WASHINGTON- President Barack Obama on Thursday authorized the Pentagon to send reservists to take part in a US mission to combat the Ebola epidemic in West Africa.
Obama said reservists could be called up to active duty for humanitarian aid operations related to the Ebola virus disease outbreak in West Africa, according to an executive order released by the White House.
The US military has said it plans a force of 3,200 troops in Liberia and Senegal to provide logistical and engineering support in the international fight against the deadly virus, but said it has approval to expand the mission to nearly 4,000 if needed.
There are now more than 500 active duty troops in Liberia and Senegal for the mission.
The reservists — who would be called up due to their particular technical expertise — would be part of that 4,000-strong force, a military official said.
In January 2010, Obama ordered the deployment of reservists to Haiti to take part in humanitarian aid work in the wake of a devastating earthquake that killed more than 250,000 people.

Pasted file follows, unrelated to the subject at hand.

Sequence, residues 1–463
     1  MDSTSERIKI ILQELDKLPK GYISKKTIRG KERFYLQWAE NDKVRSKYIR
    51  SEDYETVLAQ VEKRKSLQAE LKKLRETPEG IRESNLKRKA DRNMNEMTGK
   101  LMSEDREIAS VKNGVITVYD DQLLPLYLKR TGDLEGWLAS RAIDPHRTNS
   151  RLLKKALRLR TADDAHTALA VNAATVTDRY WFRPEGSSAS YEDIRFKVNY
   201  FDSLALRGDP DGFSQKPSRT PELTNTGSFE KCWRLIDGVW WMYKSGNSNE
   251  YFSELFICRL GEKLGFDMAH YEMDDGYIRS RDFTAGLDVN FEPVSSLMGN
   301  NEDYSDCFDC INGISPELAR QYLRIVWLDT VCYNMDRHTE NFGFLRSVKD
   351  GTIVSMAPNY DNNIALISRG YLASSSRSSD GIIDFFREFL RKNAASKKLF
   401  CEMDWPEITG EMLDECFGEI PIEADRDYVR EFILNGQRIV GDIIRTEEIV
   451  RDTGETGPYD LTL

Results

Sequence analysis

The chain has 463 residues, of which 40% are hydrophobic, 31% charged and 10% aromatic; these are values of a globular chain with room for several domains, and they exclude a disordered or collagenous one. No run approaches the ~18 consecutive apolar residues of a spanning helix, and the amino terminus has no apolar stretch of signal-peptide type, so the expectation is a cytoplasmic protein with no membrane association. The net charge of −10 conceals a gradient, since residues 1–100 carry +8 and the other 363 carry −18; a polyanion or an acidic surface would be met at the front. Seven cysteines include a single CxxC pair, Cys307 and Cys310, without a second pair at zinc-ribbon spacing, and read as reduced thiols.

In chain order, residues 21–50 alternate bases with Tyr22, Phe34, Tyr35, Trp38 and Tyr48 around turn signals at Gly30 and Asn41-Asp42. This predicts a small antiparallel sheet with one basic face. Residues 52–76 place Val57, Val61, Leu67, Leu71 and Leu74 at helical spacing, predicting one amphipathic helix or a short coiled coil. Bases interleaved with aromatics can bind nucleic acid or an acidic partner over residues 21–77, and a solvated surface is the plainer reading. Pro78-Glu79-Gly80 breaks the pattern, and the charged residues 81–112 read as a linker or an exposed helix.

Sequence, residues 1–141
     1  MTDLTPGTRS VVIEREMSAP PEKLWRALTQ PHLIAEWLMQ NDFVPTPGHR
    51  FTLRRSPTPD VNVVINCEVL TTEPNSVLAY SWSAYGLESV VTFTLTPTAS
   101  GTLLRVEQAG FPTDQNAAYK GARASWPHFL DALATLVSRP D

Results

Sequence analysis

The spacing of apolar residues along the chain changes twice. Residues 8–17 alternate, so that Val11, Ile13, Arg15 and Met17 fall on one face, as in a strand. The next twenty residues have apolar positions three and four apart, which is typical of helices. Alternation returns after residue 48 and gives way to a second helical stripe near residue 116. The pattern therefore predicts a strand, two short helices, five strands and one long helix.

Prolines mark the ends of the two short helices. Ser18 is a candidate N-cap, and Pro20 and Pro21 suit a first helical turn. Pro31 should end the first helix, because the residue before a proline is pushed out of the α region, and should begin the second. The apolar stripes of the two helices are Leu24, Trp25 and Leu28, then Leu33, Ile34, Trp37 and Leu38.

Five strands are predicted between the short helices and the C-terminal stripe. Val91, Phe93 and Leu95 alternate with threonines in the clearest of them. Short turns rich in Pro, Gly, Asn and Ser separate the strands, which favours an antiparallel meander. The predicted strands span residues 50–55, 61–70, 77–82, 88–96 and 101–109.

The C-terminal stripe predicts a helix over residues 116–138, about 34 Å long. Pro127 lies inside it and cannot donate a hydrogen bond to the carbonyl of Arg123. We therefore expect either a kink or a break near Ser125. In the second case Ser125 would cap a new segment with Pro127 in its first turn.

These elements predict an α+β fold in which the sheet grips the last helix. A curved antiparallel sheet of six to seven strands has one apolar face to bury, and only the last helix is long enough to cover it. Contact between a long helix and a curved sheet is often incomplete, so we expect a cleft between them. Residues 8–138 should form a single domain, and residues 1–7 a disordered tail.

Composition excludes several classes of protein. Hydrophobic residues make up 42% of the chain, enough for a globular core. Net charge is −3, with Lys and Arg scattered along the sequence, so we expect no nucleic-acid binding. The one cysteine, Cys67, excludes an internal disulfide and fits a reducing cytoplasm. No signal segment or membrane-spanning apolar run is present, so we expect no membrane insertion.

At the height of that operation, more than 20,000 US soldiers were in the Caribbean country.
On Wednesday, Obama once again urged the international community to do more to combat the outbreak of the virus, which has killed nearly 4,500 people, almost all of them in Liberia, Sierra Leone and Guinea.
In a video conference with his British, French, German and Italian counterparts, he called on them to “make a more significant” contribution to the fight.
The Pentagon has said no US troops will have contact with patients infected with the virus, but a small number of medical specialists are testing blood samples at several mobile testing labs.